|Standing, l. to r.: Henry Cushing, his wife, Minnie and Vincent Astor, William and Babe Paley, Jock and Betsey Whitney. Front row: Sarah Roosevelt Whitney, Tony Mortimer, Kate Cushing, Amanda Mortimer and Kate Roosevelt Whitney. July 1947, the marriage of William and Babe Paley at Greentree, the Manhasset, Long Island estate of the Whitneys. Henry was the surviving brother of the sisters. The Roosevelt Whitney sisters were the children of Betsey and James Roosevelt's marriage who later took the name of their stepfather. The Mortimer children were Babe's by her previous marriage to Stanley Mortimer.|
|In April 1912, with the loss of his father on the sinking of the Titanic, Vincent Astor, age 20 ½ became the richest young man in America. His mother who never had any time for him anyway, had moved to London after she divorced his father. His loving grandmother the Mrs. Astor had died four years before, and now he was left living alone in the great double Astor mansion on 65th Street and Fifth Avenue with 20 in staff. Because his half-brother John Jacob Astor VI – son of the father and his second wife, Madeleine Astor who was two years younger than Vincent – had not yet been born, Vincent inherited an estimated $100 million (or several billion in today’s currency). Unprepared, he nevertheless stepped up to the plate and made some radical changes in the way Astor money was invested. These changes would reverberate right down to this day.
Col. Jack was finally “returning” to America after his self-imposed exile that he had taken because of “that woman” and it killed him. The boy would never get over that juxtaposition of fate and how he was victimized by it. He blamed it entirely on his stepmother and then her child, Vincent’s half-brother who was born four months after his father’s death. So blind was his hatred of Madeleine Force Astor that Vincent came to believe that her child, JJVI wasn’t even his father’s. He took this absurdity with him through his entire life, and he even foisted the notion by rumor into the next generation that followed. His last wife, Brooke Astor also continued it at times that suited her condemnation of her husband’s half-brother, especially after he contested Vincent’s will.
Except for bequests totalling $10 million to his stepmother (who also received a couple million on marrying), to his sister, and his yet unborn half-brother (who would be named John Jacob VI, Vincent inherited the entire American Astor Family Estate. (ed’s note: There was an English Astor Family Estate also, that we belonged to Col. Jack’s uncle, JJIII, who had been head of the family; and whose son William Waldorf – known as Waldorf – Astor moved to England ostensibly to get away from his relatives.)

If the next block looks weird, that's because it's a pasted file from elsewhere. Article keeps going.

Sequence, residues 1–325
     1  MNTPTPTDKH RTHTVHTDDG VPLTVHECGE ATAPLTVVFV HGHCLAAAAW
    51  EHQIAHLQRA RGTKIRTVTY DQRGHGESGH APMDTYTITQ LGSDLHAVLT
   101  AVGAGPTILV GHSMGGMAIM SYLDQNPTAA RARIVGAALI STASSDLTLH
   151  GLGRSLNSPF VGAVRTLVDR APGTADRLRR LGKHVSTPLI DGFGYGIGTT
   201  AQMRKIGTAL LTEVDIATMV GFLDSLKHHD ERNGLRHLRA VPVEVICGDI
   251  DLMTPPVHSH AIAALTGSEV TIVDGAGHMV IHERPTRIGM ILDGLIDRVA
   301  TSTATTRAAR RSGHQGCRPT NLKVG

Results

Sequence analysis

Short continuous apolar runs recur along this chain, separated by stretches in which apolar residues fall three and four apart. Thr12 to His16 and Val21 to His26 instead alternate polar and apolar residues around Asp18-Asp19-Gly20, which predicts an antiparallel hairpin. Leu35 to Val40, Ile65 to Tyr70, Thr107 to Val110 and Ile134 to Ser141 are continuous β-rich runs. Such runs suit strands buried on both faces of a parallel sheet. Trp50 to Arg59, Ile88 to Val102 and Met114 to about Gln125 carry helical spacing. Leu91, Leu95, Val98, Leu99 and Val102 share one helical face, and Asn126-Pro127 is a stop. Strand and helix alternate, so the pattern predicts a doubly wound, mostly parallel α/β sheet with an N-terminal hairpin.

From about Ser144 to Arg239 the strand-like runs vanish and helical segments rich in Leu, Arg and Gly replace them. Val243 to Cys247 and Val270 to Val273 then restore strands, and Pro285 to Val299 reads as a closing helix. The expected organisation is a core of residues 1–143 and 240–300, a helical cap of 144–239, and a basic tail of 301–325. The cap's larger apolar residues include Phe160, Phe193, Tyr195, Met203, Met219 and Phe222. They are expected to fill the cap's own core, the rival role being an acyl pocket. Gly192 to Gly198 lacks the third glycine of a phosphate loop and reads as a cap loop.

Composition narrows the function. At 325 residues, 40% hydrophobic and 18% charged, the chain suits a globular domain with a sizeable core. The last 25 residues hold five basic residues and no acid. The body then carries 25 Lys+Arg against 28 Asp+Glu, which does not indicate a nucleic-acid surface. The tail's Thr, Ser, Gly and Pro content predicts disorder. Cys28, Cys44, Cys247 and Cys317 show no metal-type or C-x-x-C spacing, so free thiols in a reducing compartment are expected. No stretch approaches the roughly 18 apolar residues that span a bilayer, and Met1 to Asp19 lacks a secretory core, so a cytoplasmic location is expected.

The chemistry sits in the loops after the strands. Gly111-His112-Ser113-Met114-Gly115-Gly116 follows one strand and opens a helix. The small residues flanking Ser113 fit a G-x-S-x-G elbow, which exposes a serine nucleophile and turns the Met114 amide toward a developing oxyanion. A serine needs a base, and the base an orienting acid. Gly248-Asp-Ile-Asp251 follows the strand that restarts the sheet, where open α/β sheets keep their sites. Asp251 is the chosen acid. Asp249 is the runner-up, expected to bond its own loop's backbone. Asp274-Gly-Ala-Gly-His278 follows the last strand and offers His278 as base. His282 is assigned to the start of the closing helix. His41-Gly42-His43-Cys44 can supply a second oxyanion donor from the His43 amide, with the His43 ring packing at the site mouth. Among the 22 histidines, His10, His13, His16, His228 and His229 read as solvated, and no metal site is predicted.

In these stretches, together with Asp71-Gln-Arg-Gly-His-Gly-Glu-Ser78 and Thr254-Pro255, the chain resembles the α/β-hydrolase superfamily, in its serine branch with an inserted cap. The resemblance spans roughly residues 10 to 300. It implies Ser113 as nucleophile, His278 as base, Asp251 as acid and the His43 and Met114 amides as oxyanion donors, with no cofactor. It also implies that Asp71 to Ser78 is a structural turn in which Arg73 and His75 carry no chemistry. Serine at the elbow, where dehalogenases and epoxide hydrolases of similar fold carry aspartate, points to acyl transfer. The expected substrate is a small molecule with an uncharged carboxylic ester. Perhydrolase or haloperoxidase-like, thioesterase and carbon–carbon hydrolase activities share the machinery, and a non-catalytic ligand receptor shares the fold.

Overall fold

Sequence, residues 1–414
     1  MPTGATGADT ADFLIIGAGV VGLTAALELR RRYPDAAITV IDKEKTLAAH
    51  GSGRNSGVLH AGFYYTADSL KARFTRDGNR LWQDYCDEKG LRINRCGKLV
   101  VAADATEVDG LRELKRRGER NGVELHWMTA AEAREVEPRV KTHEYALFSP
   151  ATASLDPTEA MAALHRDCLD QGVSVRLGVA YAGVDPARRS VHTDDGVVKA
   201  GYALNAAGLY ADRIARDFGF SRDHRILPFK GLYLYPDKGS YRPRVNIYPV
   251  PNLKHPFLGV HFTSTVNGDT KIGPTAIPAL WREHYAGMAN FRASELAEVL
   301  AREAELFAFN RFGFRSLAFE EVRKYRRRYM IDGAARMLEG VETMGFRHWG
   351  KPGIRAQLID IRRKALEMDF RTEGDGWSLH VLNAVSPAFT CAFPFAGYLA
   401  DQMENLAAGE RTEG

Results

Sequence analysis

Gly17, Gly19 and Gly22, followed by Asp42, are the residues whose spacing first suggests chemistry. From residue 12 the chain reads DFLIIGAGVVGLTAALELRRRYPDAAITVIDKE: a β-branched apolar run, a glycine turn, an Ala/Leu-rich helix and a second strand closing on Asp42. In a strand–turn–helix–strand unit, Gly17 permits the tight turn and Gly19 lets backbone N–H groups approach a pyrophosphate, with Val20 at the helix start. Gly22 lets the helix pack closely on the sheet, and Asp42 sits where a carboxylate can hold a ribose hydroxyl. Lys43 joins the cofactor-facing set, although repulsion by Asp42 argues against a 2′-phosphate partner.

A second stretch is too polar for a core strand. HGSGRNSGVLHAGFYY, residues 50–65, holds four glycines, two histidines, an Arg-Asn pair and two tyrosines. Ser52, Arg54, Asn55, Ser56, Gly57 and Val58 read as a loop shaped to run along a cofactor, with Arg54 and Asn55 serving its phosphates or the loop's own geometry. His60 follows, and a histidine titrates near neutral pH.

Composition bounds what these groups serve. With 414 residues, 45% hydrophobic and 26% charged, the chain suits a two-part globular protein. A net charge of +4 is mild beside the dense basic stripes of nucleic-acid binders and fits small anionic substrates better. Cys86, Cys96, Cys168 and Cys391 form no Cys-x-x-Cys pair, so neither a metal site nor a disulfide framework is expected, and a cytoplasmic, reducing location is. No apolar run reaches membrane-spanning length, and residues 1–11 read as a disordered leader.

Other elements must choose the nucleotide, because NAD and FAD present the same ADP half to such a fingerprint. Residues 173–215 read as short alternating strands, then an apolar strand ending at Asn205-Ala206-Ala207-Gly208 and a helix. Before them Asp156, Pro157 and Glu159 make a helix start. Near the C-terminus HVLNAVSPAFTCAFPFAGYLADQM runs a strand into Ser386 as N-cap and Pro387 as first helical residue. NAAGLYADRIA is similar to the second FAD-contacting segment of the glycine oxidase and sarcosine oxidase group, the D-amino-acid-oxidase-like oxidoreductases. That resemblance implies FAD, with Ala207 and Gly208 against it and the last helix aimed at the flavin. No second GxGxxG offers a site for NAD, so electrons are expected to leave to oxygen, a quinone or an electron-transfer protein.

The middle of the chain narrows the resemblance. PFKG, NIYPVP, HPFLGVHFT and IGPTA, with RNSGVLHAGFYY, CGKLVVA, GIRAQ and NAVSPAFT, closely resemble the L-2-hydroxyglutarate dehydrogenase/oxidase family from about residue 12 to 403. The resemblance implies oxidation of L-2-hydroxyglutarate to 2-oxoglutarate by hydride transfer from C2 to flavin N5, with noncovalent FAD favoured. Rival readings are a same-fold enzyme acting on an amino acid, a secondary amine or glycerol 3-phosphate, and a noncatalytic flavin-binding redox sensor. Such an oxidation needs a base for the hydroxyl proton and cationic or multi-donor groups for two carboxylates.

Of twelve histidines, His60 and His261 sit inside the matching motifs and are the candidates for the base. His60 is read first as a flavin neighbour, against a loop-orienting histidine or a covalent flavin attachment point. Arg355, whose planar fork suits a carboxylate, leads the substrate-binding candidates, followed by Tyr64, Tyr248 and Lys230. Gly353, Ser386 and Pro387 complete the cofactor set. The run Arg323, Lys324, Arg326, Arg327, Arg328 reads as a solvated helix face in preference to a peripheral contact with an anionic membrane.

The estimated value of these holdings were $150 million (or approximately $17 billion in today’s currency – although Forbes estimates Col. Jack’s net worth at the time of his death was about $37 billion in today’s currency).
The boy immediately quit Harvard and went to work in the family office. His wealth attracted constant attention from the press, the kind accorded today to movie stars and British royalty. The day he turned 21, the New York Times reported at length that a crowd gathered outside his offices just to see him become officially the richest young man in America.
The richest young man was appalled when he learned he owned slums, and a lot of them. He had been brought up so removed from reality that he hadn’t even known slums existed. His trustees were appalled that he was appalled. They encouraged him to build bigger yachts, take longer trips rather than worry. He would do this, but he would also soon begin divesting himself of these properties.
The Astors had never been philanthropic. The first John Jacob, who died the richest man in America in 1847, contributed to the library which took his name, but he had no interest in charity. Vincent, by his natural social conscience and evident sensitivity to the basic needs for survival, a member of the post-Industrial Revoluton generation (the boomers of their day).
Concerned especially about the children, h turned a million dollar piece of property in Harlem into a playground. He built a playground space in Central Park saying it was better to have dead grass in the park than sick children in the tenements. When told that some of his apartments on the West Side were being used as brothels, he unabashedly went round and knocked on every door (outraging scores of his tenants) looking for them because he could not bear to profit from vice. He also built an orphanage for “abandoned children” in Dutchess County, where he also donated his time, arranging summer boating excursions and picnics to get the slum children out of the steaming city.